2017 in retrospect

The end of the year is a good time to look back at the highs and lows of the season. What worked … what didn’t work … what on earth happened to our weather in June?

Early June 2017 ...

Early June 2017 …

June is an important month here in Fife. Early season colony buildup should be pretty much complete, most colonies will have had some sort of swarm control measures in late May, virgin queens may well be present in many hives, the OSR is over and colonies need to consolidate for the main summer flows.

But instead it just rained.

Rainfall in Fife was 225% the 40 year average, access to apiaries was problematic due to flooding and queens could only get out to mate if they were wearing ‘water wings‘.

Big mistake

Many colonies needed to be, or should have been fed, during June. Mine had reasonable levels of stores as I’d not taken much early season honey. I therefore chose not to feed them. In retrospect I think this was a big mistake.

Although not monitored carefully, I suspect brood rearing slowed, so reducing the colony size to effectively exploit the July/August flows. It was my worst summer honey crop in years.

Lesson one … If this happens next season I’ll continuously feed thin syrup to keep the queen laying strongly.

Doing the splits

Notwithstanding the incessant rain, swarm control – and the inevitable associated queen mating – went pretty well. I generally use splits of one form or another and most queens got out to mate, albeit a little slower than I’d have liked. If swarm control is needed for colonies in the bee shed we can’t do vertical splits (because of the way entrances are organised) and instead just take a nucleus colony away and let them rear a new queen.

Only ‘pretty well’ though because I suspect I lost a cast from a vertical split that went calamitously wrong. I’d left the queenless half far too strong and inadvertently also left multiple developing queen cells.

D’oh!

This wasn’t going to end well  🙁

I did manage to capture and hive another cast from the same colony, but the first virgin queen and well over half the workers were long gone.

So, lesson two (which I’ve been taught many times before 😥 ) is to be decisive when there are multiple queen cells in a split. Either knock them back appropriately (which I’ll explain next year) or split the box up into multiple nucs. Don’t dither. Don’t prevaricate and don’t – as I think I did this year – simply forget to check.

All the gear, some idea

I blatantly poached how to build foundationless frames with bamboo skewers from the internet. I claim zero originality here. It isn’t my idea. However, I’m pleased to say it was a great success. Simple wooden starter strips were also a roaring success. It’s very satisfying when you realise you don’t need to spend £1 per frame on foundation.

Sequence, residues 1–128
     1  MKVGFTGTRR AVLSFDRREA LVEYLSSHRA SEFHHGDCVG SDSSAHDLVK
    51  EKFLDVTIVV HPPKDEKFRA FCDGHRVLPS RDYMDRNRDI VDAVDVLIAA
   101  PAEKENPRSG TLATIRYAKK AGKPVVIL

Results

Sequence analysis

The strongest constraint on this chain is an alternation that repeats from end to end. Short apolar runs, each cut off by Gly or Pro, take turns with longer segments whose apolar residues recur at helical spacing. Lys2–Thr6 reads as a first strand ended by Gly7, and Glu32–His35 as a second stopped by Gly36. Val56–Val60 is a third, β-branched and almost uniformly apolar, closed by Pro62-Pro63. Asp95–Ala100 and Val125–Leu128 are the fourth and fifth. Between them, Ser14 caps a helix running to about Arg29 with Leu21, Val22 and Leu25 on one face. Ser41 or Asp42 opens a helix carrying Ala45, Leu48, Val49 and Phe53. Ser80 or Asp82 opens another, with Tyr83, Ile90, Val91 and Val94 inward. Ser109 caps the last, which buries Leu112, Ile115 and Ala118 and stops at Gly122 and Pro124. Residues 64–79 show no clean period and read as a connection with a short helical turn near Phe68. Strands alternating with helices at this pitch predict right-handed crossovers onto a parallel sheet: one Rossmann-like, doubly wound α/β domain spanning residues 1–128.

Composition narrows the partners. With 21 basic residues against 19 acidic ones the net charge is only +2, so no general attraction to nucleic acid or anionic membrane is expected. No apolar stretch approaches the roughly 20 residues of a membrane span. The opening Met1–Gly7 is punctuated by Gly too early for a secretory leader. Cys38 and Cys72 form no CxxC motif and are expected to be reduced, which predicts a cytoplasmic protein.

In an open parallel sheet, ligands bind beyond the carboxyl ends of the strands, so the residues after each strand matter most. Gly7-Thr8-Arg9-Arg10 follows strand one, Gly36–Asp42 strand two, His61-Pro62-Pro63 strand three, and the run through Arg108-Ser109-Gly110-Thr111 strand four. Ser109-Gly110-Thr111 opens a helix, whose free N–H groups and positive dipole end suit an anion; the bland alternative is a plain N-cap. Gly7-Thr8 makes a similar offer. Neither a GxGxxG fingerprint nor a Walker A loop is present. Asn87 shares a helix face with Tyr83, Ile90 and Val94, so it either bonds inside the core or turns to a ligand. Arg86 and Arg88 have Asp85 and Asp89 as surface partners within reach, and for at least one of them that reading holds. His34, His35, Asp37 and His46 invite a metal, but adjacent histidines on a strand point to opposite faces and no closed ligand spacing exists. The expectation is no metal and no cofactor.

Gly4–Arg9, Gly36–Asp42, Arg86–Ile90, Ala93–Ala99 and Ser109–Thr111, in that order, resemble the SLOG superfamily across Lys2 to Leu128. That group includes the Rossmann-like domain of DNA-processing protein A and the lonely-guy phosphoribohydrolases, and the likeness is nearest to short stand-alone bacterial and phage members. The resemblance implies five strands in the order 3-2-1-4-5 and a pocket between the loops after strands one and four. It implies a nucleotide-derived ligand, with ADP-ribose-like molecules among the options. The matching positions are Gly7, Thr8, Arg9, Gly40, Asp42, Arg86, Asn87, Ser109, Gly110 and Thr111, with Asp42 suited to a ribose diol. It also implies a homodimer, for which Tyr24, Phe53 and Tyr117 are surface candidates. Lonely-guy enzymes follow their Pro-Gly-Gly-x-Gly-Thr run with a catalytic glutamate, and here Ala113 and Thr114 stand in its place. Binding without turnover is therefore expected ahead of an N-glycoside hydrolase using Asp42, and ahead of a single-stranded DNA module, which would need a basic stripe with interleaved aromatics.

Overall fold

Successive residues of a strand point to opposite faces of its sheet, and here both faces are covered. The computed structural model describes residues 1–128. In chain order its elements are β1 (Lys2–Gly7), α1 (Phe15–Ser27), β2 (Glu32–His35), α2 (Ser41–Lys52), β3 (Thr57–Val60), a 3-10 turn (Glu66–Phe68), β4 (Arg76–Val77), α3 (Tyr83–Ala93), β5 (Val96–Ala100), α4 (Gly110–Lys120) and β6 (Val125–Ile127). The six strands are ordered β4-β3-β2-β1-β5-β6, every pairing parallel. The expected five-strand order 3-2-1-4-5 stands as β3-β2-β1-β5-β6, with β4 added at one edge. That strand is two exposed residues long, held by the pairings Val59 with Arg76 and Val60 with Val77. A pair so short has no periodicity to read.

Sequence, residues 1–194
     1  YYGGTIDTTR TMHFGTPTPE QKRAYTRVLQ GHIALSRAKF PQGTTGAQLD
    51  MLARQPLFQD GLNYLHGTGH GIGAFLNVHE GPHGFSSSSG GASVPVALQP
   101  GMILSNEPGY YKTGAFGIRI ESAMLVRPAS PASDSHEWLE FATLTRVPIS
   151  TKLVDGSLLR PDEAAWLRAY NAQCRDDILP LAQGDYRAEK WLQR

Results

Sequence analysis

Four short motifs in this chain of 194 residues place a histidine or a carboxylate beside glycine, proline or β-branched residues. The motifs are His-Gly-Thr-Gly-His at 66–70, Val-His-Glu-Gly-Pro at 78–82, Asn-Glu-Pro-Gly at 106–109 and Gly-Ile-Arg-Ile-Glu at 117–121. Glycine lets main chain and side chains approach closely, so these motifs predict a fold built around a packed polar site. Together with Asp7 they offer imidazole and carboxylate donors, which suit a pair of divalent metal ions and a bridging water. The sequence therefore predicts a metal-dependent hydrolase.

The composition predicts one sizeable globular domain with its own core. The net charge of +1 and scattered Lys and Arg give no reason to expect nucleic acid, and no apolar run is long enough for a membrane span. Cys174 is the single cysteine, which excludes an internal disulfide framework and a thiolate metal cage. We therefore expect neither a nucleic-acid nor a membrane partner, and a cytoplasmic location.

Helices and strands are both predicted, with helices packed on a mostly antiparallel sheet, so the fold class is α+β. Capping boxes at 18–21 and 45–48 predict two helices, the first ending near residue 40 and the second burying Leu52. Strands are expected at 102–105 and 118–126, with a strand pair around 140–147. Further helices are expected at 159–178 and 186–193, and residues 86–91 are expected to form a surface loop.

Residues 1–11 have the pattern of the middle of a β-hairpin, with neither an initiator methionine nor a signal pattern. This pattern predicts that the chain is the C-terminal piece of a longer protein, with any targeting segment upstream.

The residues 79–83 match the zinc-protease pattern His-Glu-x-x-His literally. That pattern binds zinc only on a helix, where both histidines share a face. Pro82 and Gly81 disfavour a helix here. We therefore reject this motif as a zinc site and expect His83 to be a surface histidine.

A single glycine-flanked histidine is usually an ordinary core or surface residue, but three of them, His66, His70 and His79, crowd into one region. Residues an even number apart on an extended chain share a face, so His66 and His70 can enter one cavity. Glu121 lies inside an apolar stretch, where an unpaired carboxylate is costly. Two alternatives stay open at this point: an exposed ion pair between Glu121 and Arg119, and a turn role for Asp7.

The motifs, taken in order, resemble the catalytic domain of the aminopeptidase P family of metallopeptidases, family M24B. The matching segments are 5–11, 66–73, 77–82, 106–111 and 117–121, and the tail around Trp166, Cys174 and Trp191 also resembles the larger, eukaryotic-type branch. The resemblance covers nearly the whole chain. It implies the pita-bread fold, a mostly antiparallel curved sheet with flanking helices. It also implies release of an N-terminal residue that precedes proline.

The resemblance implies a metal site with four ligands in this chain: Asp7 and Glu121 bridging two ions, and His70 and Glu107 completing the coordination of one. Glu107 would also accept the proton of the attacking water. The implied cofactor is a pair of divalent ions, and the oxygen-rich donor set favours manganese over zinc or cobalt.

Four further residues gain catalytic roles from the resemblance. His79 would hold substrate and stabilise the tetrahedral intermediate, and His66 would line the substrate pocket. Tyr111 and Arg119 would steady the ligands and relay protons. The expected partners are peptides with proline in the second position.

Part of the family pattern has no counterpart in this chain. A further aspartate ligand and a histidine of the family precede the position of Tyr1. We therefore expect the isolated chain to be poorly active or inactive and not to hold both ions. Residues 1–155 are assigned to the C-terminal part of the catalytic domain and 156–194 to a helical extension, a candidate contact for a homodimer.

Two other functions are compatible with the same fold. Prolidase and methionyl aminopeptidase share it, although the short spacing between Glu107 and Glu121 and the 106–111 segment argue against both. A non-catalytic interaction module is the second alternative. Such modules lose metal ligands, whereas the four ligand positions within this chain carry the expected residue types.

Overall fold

Nearly completed ...

Nearly completed …

I’ve used quite a few Abelo poly hives this season. They’re a strident colour – blue and yellow – but reasonably well made. Colonies checked this winter are doing well in them, with bees right up to the side walls on sub-zero days. This suggests to me that they are well insulated.

An Abelo/Swienty hybrid hive ...

An Abelo/Swienty hybrid hive …

There are some aspects of these hives I have yet to be fully convinced by; upper entrances, the crownboard, high condensation levels and a small Varroa tray. I’ll review them more fully when I’ve been using them for at least a full year.

Old invasives …

The bête noire of most beekeepers, the Varroa mite, has featured heavily throughout the year. In print, though thankfully not in my colonies. I’ve tried to emphasise the need to treat appropriately, using the right miticide at the right time. Since most approved (and even some unapproved 😉 ) miticides are all pretty effective, the timing of treatment is probably the most important point.

2016 temperature data and OA treatment ...

2016 temperature data and OA treatment …

In three recent posts I presented the importance of midwinter treatment, how to prepare the oxalic acid-containing miticide and how to administer it. These should probably be read in conjunction with an earlier article on when to treat, which I’ll come back to in a minute. Finally, as far as Varroa is concerned, I discussed potential ways to optimise the timing of the winter treatment by watching the weather. I suspect that most beekeepers treat too late in the winter.

If you have yet to treat this winter … get a move on!

… and new ones

The new invasive that got some coverage was, inevitably, the Asian hornet. Having first arrived in 2016 I think we’ll be subjected to annual incursions until it gets established here. Constant vigilance is going to be needed to help postpone what might be inevitable. Just because it is inevitable doesn’t mean we shouldn’t try and delay it’s permanent arrival.